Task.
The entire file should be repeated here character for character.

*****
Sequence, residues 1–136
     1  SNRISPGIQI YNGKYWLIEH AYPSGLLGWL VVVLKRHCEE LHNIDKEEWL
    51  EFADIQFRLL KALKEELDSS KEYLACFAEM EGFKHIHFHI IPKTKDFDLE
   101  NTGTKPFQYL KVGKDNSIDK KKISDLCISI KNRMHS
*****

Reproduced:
Sequence, residues 1–136
     1  SNRISPGIQI YNGKYWLIEH AYPSGLLGWL VVVLKRHCEE LHNIDKEEWL
    51  EFADIQFRLL KALKEELDSS KEYLACFAEM EGFKHIHFHI IPKTKDFDLE
   101  NTGTKPFQYL KVGKDNSIDK KKISDLCISI KNRMHS